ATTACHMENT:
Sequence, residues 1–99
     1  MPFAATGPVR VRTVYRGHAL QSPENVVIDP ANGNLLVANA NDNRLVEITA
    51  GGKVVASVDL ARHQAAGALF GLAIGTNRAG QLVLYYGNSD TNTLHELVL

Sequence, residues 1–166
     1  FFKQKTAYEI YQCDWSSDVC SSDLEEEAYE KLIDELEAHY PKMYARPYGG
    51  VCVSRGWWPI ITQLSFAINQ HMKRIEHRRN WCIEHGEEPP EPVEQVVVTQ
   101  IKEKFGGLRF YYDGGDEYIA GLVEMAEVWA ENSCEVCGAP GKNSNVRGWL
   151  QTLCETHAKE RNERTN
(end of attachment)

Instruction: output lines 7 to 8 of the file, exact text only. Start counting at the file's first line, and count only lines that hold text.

   101  IKEKFGGLRF YYDGGDEYIA GLVEMAEVWA ENSCEVCGAP GKNSNVRGWL
   151  QTLCETHAKE RNERTN